I have had a few examples in the last 15 years where IT have decided that the Business should embark on a Data project or, that they should purchase a new toolset. These projects have been more difficult than normal and prompted me to consider what I had learnt from the experience.
Let’s start by asking “what motivates IT when they take this approach?”. In my experience it often comes from a desire to:
Make the business users more strategic in their thinking and less operational.
Deliver commercial advantages to the business through the provisioning of faster, cleaner, more complete analytics.
Satisfying ITs’ own appetite for new initiatives and the related technologies.
Providing an alternative perspective to expose hidden insights that business users may not have considered.
Future proof the infrastructure and data to cater for future objectives like ‘big data’, realtime data, advanced analytics, etc. The organisation don’t need these things now, but IT is sure they will in the future.
The drivers are of course complex and never as concise as the list above, the goal of this blog is not to question the motivation, instead discusses the nuances, risks and accompanying pitfalls when delivering such a project.
If we look at some of the delivery phases we see the following risks:
The project team:
Spend a large amount of time tying to extract requirements from business users who start of being politely disinterested and ultimately become frustrated.
Neglect to speak to the ‘real’ drivers of the project (i.e. IT) as they assume that the business actually wants the project.
Given that IT are driving the project, and the business are being passive, the functionality delivered may miss the target.
At this point, the business has probably lost interest, after all they have their day jobs to do, so it is easy for them to find a reason not to test a solution that they didn’t really ask for.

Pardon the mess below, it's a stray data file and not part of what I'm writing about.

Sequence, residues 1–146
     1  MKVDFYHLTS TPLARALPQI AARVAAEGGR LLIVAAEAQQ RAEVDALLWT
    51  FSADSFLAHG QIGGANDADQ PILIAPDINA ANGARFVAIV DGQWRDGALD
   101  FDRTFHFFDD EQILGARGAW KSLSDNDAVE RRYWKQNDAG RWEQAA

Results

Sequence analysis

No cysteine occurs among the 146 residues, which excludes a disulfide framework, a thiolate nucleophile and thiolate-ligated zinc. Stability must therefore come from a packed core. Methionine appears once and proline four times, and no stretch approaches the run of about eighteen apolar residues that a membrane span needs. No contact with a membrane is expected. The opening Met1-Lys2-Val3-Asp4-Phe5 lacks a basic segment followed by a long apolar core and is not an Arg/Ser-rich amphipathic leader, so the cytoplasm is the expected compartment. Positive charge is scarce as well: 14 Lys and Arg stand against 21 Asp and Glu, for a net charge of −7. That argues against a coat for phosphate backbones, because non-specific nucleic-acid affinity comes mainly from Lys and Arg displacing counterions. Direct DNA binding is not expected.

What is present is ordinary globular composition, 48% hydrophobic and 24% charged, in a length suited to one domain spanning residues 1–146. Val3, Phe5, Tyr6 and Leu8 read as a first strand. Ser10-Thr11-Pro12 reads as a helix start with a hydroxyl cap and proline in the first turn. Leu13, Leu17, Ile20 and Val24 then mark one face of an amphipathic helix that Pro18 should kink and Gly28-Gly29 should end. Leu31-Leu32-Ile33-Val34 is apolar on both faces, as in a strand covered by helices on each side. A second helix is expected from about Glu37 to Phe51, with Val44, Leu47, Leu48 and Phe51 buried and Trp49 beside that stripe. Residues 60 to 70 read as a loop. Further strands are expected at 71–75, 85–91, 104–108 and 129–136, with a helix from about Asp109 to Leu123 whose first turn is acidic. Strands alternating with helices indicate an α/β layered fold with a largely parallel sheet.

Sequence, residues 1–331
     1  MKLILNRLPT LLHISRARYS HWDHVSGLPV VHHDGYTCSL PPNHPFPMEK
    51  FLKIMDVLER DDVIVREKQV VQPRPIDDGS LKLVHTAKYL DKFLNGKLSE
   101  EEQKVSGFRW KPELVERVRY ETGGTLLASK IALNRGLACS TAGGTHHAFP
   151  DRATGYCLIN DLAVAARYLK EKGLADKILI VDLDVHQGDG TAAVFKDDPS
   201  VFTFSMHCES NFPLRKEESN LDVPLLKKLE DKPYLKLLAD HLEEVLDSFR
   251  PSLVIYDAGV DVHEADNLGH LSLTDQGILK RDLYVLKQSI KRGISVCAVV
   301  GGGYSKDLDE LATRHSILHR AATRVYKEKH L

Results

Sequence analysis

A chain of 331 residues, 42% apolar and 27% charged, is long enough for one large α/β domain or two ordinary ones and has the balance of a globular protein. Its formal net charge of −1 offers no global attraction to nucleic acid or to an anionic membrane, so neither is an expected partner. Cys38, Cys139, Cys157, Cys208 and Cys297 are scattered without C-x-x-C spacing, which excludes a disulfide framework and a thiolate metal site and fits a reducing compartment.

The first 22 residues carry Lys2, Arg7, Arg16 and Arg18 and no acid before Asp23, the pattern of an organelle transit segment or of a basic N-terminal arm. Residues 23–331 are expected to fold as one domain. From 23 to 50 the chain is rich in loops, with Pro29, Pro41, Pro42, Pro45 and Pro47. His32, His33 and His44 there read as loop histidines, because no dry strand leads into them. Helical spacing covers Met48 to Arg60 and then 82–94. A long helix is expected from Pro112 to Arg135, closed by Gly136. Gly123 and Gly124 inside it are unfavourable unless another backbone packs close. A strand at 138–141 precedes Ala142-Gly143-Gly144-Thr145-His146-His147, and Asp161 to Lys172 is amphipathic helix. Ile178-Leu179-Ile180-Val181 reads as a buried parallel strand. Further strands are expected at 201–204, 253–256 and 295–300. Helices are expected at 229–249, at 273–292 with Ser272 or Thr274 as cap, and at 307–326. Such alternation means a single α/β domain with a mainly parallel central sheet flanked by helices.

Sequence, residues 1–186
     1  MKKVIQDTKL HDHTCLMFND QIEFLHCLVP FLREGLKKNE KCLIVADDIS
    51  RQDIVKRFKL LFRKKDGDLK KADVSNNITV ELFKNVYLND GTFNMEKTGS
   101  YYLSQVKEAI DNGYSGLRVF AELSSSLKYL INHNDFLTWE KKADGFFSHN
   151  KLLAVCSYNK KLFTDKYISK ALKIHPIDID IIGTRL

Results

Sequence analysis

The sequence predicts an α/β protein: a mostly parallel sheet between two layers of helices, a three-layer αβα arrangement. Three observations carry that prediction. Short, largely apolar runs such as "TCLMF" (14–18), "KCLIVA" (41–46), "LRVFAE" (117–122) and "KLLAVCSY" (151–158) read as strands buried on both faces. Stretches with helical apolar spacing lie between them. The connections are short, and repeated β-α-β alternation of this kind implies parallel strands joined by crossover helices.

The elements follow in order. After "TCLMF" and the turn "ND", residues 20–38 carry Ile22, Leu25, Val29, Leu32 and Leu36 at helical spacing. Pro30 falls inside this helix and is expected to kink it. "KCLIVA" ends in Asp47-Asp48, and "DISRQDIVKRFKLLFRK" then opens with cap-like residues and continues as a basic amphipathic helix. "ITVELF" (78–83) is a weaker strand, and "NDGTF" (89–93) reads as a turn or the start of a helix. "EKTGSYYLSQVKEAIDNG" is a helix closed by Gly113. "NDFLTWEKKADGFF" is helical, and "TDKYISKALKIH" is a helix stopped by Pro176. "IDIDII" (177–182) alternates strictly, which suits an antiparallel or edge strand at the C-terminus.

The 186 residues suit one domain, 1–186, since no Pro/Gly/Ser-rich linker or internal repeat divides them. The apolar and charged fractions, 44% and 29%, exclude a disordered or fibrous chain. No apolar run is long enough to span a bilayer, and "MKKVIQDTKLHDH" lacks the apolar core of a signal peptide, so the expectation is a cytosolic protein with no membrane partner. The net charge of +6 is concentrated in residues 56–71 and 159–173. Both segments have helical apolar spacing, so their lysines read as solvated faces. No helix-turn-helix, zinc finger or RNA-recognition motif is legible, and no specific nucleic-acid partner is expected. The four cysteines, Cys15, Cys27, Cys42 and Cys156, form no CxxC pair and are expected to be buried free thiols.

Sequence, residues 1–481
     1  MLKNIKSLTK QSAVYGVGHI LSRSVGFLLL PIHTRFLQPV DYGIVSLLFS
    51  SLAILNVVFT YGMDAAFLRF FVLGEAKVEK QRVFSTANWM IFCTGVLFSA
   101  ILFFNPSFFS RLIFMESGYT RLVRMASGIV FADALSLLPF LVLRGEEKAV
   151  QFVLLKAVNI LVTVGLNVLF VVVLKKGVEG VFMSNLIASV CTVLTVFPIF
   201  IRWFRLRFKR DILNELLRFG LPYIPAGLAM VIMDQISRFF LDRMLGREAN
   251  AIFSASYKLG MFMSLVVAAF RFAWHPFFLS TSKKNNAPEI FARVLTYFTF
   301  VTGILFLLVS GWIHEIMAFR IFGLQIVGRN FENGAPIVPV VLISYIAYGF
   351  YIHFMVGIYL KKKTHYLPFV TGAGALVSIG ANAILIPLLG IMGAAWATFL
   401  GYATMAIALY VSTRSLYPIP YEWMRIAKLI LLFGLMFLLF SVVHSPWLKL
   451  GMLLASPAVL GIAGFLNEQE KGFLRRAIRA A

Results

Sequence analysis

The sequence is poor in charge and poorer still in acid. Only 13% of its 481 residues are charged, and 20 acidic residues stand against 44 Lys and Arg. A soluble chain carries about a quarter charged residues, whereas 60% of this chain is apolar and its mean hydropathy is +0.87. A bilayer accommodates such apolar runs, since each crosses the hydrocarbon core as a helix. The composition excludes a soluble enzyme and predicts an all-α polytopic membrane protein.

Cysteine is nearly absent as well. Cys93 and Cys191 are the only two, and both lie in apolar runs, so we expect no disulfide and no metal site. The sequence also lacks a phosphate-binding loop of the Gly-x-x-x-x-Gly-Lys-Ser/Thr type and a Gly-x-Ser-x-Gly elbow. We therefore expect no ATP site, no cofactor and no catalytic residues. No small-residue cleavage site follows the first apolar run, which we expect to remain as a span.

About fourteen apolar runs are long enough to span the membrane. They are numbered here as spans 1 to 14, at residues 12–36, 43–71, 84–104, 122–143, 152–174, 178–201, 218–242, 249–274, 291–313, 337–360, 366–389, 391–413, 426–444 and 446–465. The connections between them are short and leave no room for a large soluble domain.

If you have persuaded them to test, unless the quality is high, you will feed them opportunities to question the very existence of the project.
Now if the project has managed to go live, issues can arise from it:
“We didn’t ask for it and don’t need it.”
“We like the idea, but we just want the data, not the dashboards, analytics, etc.”
“IT thought they knew what we wanted but they don’t.”
To work out if you are dealing with an IT Initiated project, try some of the following:
Ask who is sponsoring the project. It seems obvious but we usually don’t bother. Be aware that even if you are told that “it’s a sales lead project”, you need to read between the lines for the real truth.
If there is a business case, read it. Who authored it? What are the tangible and intangible returns on investment?
Look at the level of participation within the Steering Committee, if the business representatives tend to be missing or passive, alarm bells should be ringing.
Ok, so let’s assume that you’ve got a project that IT are pushing and the business are ambivalent to:
Don’t throw visual trinkets at the business and expect them to be interested beyond the first gasps.
Give them features that provide them a tangible saving in effort, even if it is just a well formed data dump to excel. You can then follow up with the “sexy” deliverables that the project is really offering.
Search for a “change evangelist” from the business who can help with the embedment of the solution and “gets’ what the project goals are.
Make sure you have an IT representative at the requirements work shops. They can:
Help with pregnant pauses when no-one wants to answer your questions about the business issues being solved.
Put there own spin on where they want the project to head.
I am not saying that an IT initiated BI project is a bad idea, it simply means that the project team needs to understands the real driver of the requirements!